This week: NSF expansion, space leadership and pandemic disparities
In depth: In his first speech to Congress as US president, Joe Biden doubled down on his intention to see off global competitors in the race to develop new technologies.
Full story: Biden: US must ‘dominate’ technology development
Also this week from Research Professional News
US announces support for waiving Covid vaccine patents—European Union ‘ready to discuss’ waiver but pharmaceutical industry says decision is ‘wrong answer’
Women grow share of US doctoral positions by 50% in 10 years—Imbalance in science, engineering and health has narrowed, but men still predominate at all levels
Here is the rest of the US news this week…
Call to avoid ‘silos’ in NSF expansion
The head of a scientific advisory body to the US president and Congress has said plans to expand the National Science Foundation, including a mooted new technology directorate, “will depend on breaking down silos, not creating new ones”. Ellen Ochoa, the chair of the National Science Board, which also sets policies for the NSF, told a hearing of the House science committee on 28 April that any new directorate should work “synergistically” with existing arms of the funder.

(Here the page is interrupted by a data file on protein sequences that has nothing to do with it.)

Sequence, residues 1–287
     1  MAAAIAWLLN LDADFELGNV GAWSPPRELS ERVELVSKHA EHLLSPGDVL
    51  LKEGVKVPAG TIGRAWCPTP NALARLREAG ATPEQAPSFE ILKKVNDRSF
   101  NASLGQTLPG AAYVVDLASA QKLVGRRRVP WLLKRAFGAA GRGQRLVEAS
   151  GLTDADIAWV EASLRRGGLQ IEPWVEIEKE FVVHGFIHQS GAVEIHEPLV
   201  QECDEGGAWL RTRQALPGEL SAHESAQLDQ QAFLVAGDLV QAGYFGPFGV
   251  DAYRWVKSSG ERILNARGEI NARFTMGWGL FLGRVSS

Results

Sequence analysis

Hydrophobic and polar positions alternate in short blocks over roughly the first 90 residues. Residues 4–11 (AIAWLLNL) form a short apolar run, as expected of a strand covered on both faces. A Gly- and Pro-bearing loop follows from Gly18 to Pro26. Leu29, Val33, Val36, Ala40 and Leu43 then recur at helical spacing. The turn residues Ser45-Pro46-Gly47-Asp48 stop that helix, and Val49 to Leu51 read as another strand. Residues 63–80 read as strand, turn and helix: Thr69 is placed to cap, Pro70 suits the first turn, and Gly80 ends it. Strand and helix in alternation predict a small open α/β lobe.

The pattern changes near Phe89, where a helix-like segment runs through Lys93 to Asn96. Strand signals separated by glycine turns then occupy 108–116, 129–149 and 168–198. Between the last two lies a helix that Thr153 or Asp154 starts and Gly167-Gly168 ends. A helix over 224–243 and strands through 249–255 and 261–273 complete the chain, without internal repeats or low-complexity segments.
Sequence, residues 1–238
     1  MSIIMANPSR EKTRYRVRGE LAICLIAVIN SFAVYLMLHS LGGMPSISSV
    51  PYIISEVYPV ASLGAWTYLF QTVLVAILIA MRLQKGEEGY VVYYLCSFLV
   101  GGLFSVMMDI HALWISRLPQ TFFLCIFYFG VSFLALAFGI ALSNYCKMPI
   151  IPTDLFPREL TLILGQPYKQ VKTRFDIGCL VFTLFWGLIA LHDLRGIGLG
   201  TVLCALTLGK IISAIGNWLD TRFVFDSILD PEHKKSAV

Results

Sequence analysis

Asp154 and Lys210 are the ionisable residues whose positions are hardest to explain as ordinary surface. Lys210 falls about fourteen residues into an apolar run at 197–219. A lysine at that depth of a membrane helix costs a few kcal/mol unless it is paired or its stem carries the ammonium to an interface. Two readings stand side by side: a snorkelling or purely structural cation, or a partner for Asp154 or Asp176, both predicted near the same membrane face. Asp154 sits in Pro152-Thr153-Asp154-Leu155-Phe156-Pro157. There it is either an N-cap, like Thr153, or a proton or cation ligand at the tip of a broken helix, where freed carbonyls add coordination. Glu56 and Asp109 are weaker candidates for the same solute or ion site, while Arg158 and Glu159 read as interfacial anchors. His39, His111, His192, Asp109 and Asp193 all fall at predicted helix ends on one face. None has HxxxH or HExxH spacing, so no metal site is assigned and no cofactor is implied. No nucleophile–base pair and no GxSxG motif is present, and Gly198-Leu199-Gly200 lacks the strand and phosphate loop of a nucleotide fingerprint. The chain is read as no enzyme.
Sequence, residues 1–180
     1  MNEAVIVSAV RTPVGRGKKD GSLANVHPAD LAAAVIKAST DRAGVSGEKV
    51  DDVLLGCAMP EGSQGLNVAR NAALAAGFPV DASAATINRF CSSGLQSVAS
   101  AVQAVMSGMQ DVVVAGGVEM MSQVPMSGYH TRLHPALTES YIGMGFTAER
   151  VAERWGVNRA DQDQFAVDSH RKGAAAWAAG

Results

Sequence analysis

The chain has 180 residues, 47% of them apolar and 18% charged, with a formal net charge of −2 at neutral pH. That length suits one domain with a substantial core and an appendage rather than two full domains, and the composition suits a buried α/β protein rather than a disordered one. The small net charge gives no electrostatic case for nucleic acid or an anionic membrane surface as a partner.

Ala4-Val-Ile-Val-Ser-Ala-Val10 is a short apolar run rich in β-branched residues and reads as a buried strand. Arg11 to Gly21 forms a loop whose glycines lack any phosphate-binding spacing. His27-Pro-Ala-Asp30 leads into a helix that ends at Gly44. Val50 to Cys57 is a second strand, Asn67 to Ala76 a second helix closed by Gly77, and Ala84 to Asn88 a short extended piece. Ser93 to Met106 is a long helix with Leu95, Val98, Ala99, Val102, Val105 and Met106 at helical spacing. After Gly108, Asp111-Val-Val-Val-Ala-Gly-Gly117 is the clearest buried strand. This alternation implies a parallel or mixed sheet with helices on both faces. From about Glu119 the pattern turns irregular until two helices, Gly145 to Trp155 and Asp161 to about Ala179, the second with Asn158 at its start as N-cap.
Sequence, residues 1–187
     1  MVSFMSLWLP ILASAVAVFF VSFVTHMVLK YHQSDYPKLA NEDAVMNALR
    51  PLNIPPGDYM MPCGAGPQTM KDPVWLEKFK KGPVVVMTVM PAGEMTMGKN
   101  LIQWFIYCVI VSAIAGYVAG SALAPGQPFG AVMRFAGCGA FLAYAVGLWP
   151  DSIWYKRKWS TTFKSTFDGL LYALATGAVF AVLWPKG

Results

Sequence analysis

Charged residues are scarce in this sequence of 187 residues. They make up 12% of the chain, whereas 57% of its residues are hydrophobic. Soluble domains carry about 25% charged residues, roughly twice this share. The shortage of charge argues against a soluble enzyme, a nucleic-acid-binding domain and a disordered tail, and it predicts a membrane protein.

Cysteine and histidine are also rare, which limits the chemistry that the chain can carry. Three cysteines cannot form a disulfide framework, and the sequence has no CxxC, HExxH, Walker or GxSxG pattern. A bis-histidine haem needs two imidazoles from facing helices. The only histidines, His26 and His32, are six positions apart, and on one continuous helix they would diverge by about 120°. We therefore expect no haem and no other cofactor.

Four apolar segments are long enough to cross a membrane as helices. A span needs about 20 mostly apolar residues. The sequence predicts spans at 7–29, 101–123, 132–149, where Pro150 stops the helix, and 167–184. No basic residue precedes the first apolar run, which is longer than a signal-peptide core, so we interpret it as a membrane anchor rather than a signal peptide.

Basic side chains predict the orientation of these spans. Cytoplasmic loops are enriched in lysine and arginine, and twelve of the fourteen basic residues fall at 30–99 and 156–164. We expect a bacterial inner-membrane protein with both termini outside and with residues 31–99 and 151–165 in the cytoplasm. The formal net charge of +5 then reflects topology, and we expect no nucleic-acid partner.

Kamala Harris to chair National Space Council
US president Joe Biden has named his vice-president, Kamala Harris, as chair of the National Space Council, a White House policymaking body. Separately, in her capacity as vice-president, Harris swore in senator Bill Nelson as head of Nasa on 3 May after his appointment was confirmed by the Senate. Nelson said Harris was “the perfect person to lead the federal government’s space policy”.
NIH allocates another $29m to Covid-19 disparities
The National Institutes of Health will provide $29 million in grants to fund engagement with communities worst hit by the Covid-19 pandemic. Eleven teams already doing Covid-19 research, testing, treatment and outreach on vaccine confidence and access in communities of colour will get $15m. The other $14m will fund 10 new teams. Gary Gibbons, director of the National Heart, Lung, and Blood Institute, said the work would “meet people where they are with the help of trusted messengers”, such as family doctors and pastors.